My one thought is that Toney Tone seems to be more of a scorer than a playmaker, so perhaps D’Antoni’s trying to see how he fares in the position of shooting guard instead of point guard (particularly with TMac out). Most of the time (if not all of it?), Toney Tone was in with a fellow point guard (either Duhon or Sergio Rodriguez). Although at 6’1″ Toney is undersized for a shooting guard.
The odd thing though was that when Toney was in with Spanish Chocolate, it seemed like they were using Toney to create and Rodriguez was hanging out at the three-point land to receive the pass. It worked, so I’m not quibbling here, I’m just trying to figure out what’s going through D’Antoni’s head.
-Another positional thing I was curious about was, with the Barron at center, seeing how David Lee would do at power forward. If Plan A falls through this summer and we don’t get LeBron or Wade, another possibility is to get one of the possible bigs out there (Bosh, Boozer, Amare) AND keep Lee, but move him to PF. Lee’s been undersized at center all year long, but the flip side is that means he usually has the quickness edge so it’s not clear if he’d be as dominant against guys his own height. Like against Boston, Lee can run circles around their impressive muscle-bound big, Kendrick Perkins, but how does Lee fare against the faster, more agile Garnett?
For those who look at the box score and see Lee shot only 6 of 16, ya might go yiiiiikes. For those who watched the game though, the truth is Lee just missed several wide open shots that he normally makes. These weren’t even shots with like KG running at him so Lee had to shot quicker than normal. No, he was wide open in that 15-20 foot range like normal, usually with his defender staying a foot or two off. However, Garnett and Perk did a lot of switching between Lee and Barron, so it’s hard to use this game as a gauge. A more interesting example will be Friday’s game against Orlando where their center, Dwight Howard, holds down the middle on his own, which allows power forward Rashard Lewis to really come out on the perimeter and not give his man any shooting space.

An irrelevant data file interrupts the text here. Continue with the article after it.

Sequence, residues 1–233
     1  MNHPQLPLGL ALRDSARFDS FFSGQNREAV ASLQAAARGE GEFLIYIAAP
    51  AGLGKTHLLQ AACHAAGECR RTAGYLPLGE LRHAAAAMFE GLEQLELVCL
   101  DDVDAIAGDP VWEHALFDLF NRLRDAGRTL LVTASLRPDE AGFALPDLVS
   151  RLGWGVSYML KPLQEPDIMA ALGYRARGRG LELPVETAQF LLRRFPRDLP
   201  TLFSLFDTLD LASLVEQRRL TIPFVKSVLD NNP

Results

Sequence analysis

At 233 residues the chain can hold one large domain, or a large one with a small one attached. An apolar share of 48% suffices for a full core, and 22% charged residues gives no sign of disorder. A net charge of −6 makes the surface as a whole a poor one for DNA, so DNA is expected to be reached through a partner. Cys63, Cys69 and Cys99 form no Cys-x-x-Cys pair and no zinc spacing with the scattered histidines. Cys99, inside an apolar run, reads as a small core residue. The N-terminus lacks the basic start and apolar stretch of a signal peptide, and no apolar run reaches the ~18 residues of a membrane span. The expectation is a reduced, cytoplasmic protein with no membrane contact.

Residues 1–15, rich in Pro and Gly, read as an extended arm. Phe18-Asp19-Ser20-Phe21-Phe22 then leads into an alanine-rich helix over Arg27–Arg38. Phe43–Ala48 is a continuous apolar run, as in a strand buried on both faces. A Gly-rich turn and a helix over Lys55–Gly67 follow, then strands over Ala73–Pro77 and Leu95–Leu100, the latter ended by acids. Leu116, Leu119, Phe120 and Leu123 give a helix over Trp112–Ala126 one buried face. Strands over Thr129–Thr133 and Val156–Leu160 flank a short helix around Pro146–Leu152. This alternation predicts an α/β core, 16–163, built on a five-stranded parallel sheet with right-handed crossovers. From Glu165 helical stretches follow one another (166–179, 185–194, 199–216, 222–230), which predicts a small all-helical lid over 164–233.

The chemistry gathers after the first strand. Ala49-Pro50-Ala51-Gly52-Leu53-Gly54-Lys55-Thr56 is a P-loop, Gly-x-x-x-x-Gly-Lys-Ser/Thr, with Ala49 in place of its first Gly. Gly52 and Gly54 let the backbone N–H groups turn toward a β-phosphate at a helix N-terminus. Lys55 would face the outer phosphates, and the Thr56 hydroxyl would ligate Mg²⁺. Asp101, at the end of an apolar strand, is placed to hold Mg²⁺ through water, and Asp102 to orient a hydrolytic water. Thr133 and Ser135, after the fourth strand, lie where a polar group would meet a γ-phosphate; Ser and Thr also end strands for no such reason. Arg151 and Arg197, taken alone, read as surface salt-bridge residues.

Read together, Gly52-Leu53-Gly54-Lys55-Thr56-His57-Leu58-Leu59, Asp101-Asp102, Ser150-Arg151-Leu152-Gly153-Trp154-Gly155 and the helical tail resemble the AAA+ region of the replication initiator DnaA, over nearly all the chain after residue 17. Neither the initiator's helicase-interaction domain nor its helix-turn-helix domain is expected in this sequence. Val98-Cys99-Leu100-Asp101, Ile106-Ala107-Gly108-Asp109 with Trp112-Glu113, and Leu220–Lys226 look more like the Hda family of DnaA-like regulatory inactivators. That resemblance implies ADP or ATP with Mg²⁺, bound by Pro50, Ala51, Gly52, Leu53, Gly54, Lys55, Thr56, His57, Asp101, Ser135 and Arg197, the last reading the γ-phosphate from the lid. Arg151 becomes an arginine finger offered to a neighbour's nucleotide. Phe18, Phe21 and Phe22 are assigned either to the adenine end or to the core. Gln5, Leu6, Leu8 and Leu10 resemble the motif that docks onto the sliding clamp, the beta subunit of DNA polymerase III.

-Former fan favorite Nate Robinson returned to the Garden for the first time (wait, actually I think it might’ve been the second). He’s struggled to get regular minutes for the Celts, particularly ‘cuz they picked up another guard, Michael Finley, right around the same time as they traded for Nate. L’il Him helped get Boston back in the game (& briefly the lead) at the beginning of the fourth between a couple of shots and assists. I was surprised, and a bit disappointed, that he didn’t get a bigger ovation when he initially entered the game. Usually we give Hero Welcomes, but he only got some polite applause. Yeah, there were times in his tenure when Nate was a numbskull, but the dude always played his heart out. And he did it during an era where that was, and still is, a rare commodity among the Men Of Blue And Orange.
-As much as I was disappointed with the lack of applause for Nate, I was even more disappointed by the constant cheers for the Celtics. It seemed like half the Garden was Boston fans. I expect that when I go to Clippers games, and it’s standard in cities like Memphis and Atlanta, but New York? C’mon, we’re better than that.
Tags: Al Harrington Amar'e Stoudemire Boston Celtics Carlos Boozer Chris Bosh Chris Duhon Danilo Gallinari David Lee Doc Rivers Dwayne Wade Dwight Howard Earl Barron Kendrick Perkins Kevin Garnett LeBron James Michael Finley Mike D'Antoni Nate Robinson Orlando Magic Rajon Rondo Rashard Lewis Sergio Rodriguez Toney Douglas Tracy McGrady Wilson Chandler